• In school, I rarely chatted with professors 1-on-1 and got individual attention. I want to help all of you succeed at what interests you in the realm of data visualizations. Let’s do that together! I’ll likely be able to meet with all of you 1 on 1 at least every other class or through office hours online. I can provide feedback on your project ideas, code, visualizations and online portfolio for showcasing your work.
  • In most classes, you rarely leave with something to show potential employers. Most times there’s simply exams and homework assignments. This class is different. My goal is to help everyone build a portfolio of data investigation and visualization work they’re proud of! That’s not something you’ll get online in a MOOC, sitting at home trying to learn on your own or reading a book. With this class, you’ll get constant feedback from your peers and myself to build an excellent portfolio.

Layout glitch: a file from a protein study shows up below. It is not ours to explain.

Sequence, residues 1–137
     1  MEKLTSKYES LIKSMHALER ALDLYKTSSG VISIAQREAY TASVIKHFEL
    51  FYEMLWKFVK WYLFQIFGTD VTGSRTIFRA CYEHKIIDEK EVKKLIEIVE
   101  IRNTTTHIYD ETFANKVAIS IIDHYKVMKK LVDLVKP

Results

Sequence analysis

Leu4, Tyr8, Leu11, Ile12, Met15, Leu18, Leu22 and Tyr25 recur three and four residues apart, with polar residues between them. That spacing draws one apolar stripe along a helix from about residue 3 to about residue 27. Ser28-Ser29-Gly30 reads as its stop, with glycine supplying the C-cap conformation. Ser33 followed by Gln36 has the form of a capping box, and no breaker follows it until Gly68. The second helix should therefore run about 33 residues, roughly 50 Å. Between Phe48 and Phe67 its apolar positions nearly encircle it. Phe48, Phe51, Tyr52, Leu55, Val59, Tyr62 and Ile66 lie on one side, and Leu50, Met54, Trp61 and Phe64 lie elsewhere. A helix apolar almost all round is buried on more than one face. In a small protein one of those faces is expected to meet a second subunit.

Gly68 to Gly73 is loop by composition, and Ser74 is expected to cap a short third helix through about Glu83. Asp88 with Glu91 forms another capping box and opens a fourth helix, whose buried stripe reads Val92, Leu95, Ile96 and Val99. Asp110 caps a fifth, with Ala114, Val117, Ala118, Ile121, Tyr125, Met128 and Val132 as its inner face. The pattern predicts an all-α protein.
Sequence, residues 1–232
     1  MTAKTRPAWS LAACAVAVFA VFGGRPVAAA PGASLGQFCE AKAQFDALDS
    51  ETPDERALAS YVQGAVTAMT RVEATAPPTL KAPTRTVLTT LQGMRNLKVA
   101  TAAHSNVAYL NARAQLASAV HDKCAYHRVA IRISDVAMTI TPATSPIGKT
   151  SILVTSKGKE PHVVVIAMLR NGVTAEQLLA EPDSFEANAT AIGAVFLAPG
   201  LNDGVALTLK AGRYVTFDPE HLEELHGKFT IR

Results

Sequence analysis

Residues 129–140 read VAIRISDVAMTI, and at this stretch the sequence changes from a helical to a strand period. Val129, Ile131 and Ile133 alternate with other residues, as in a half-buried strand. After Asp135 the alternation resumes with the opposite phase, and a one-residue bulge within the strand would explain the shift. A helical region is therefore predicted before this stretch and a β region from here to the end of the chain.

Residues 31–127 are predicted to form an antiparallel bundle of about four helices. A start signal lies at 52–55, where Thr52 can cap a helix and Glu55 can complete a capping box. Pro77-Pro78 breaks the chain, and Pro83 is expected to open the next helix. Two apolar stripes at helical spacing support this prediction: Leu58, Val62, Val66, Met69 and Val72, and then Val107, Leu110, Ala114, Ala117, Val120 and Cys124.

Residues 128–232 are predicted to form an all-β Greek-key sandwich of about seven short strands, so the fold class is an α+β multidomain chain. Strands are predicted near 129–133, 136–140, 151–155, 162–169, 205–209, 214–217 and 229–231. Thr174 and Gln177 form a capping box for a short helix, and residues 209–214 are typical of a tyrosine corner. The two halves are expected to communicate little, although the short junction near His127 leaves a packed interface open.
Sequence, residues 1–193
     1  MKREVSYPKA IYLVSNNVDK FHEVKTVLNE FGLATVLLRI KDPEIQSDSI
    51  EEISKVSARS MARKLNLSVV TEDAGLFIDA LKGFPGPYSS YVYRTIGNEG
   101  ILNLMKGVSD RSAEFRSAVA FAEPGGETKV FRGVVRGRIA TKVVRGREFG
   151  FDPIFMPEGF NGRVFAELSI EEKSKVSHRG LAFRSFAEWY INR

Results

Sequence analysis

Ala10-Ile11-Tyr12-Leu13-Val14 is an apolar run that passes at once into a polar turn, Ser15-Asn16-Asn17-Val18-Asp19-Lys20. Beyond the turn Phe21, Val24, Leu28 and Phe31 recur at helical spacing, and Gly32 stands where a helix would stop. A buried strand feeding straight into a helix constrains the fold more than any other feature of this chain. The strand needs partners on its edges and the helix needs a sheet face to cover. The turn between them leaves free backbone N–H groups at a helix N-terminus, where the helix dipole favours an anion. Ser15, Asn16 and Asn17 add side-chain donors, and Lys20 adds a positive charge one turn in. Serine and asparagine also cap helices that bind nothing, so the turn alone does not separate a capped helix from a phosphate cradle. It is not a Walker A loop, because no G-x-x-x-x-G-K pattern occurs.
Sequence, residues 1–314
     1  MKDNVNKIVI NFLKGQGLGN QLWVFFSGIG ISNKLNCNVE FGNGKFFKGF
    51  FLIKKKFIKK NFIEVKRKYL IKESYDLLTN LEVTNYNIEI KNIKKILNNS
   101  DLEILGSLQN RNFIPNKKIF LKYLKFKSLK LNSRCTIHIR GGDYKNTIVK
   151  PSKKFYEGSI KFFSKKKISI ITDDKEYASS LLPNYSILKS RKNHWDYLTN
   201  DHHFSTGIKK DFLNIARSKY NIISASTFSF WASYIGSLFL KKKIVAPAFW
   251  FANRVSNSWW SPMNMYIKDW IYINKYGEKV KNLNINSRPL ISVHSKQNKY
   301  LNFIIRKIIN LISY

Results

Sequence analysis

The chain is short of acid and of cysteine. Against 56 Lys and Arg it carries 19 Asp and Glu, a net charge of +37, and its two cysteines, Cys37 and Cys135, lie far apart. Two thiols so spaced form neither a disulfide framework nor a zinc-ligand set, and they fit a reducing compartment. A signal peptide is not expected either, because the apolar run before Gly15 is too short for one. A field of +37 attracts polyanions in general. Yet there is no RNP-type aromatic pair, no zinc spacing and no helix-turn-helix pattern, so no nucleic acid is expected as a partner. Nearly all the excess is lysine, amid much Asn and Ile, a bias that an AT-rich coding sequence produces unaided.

• With most classes, students cram last minute to get it done. The panic monster sits in a couple days before the deadline...that won’t happen here. You’ll be expected to show progress each week to me 1-on-1 and through your GitHub activity. Don’t let the panic monster out!
  • Most teams settle on a project idea and run with it, whether it works out or not. In investigating data sources, that isn’t usually the case. You’ll likely uncover the data is messy, insufficient for the visualizations you have in mind, or maybe isn’t interesting to you anymore. Don’t worry. There’s ample time for you to change ideas. I want you to complete only something you’re proud of.
  • Some classes cover pros and cons of lots of technologies. This class isn’t as much on the technical details of a technology - rather, can you use but one or two technologies to tell a good story through visualizations? I’d rather you leave a master of one technology and making visualizations in general than a jack of all trades.